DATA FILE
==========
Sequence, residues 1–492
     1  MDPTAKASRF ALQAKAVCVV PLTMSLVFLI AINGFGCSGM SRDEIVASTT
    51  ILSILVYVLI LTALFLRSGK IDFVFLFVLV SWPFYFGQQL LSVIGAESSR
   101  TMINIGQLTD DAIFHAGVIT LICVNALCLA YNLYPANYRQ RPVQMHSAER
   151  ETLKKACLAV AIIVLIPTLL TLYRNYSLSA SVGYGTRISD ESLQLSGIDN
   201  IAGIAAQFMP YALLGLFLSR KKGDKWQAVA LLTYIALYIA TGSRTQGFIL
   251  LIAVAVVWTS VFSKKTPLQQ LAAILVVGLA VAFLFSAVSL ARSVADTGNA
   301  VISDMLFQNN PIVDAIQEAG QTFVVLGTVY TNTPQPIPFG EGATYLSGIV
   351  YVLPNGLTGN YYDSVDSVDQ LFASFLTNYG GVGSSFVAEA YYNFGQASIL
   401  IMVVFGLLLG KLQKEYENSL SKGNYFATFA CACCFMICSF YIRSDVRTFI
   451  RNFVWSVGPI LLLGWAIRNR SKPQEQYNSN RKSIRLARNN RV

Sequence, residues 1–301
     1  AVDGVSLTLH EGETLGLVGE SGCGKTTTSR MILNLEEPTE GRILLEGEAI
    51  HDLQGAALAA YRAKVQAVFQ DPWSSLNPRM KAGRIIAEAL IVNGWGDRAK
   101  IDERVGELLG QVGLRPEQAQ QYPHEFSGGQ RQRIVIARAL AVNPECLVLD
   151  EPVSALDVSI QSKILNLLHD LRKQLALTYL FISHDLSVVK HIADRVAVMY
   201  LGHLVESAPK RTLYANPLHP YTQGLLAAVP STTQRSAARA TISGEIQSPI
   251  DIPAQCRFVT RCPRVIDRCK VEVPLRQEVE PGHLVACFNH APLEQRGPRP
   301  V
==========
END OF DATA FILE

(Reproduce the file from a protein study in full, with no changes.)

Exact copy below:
Sequence, residues 1–492
     1  MDPTAKASRF ALQAKAVCVV PLTMSLVFLI AINGFGCSGM SRDEIVASTT
    51  ILSILVYVLI LTALFLRSGK IDFVFLFVLV SWPFYFGQQL LSVIGAESSR
   101  TMINIGQLTD DAIFHAGVIT LICVNALCLA YNLYPANYRQ RPVQMHSAER
   151  ETLKKACLAV AIIVLIPTLL TLYRNYSLSA SVGYGTRISD ESLQLSGIDN
   201  IAGIAAQFMP YALLGLFLSR KKGDKWQAVA LLTYIALYIA TGSRTQGFIL
   251  LIAVAVVWTS VFSKKTPLQQ LAAILVVGLA VAFLFSAVSL ARSVADTGNA
   301  VISDMLFQNN PIVDAIQEAG QTFVVLGTVY TNTPQPIPFG EGATYLSGIV
   351  YVLPNGLTGN YYDSVDSVDQ LFASFLTNYG GVGSSFVAEA YYNFGQASIL
   401  IMVVFGLLLG KLQKEYENSL SKGNYFATFA CACCFMICSF YIRSDVRTFI
   451  RNFVWSVGPI LLLGWAIRNR SKPQEQYNSN RKSIRLARNN RV

Sequence, residues 1–301
     1  AVDGVSLTLH EGETLGLVGE SGCGKTTTSR MILNLEEPTE GRILLEGEAI
    51  HDLQGAALAA YRAKVQAVFQ DPWSSLNPRM KAGRIIAEAL IVNGWGDRAK
   101  IDERVGELLG QVGLRPEQAQ QYPHEFSGGQ RQRIVIARAL AVNPECLVLD
   151  EPVSALDVSI QSKILNLLHD LRKQLALTYL FISHDLSVVK HIADRVAVMY
   201  LGHLVESAPK RTLYANPLHP YTQGLLAAVP STTQRSAARA TISGEIQSPI
   251  DIPAQCRFVT RCPRVIDRCK VEVPLRQEVE PGHLVACFNH APLEQRGPRP
   301  V